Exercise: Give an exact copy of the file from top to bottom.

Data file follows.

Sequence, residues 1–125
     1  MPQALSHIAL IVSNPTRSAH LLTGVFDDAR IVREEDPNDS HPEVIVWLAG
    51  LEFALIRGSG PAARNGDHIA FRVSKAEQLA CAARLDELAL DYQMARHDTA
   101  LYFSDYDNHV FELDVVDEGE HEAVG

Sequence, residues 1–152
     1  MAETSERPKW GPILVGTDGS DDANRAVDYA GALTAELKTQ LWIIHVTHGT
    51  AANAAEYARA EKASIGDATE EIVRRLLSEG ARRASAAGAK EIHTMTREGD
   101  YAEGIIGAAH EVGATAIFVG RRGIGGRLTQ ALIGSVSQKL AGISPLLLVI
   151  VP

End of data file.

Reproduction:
Sequence, residues 1–125
     1  MPQALSHIAL IVSNPTRSAH LLTGVFDDAR IVREEDPNDS HPEVIVWLAG
    51  LEFALIRGSG PAARNGDHIA FRVSKAEQLA CAARLDELAL DYQMARHDTA
   101  LYFSDYDNHV FELDVVDEGE HEAVG

Sequence, residues 1–152
     1  MAETSERPKW GPILVGTDGS DDANRAVDYA GALTAELKTQ LWIIHVTHGT
    51  AANAAEYARA EKASIGDATE EIVRRLLSEG ARRASAAGAK EIHTMTREGD
   101  YAEGIIGAAH EVGATAIFVG RRGIGGRLTQ ALIGSVSQKL AGISPLLLVI
   151  VP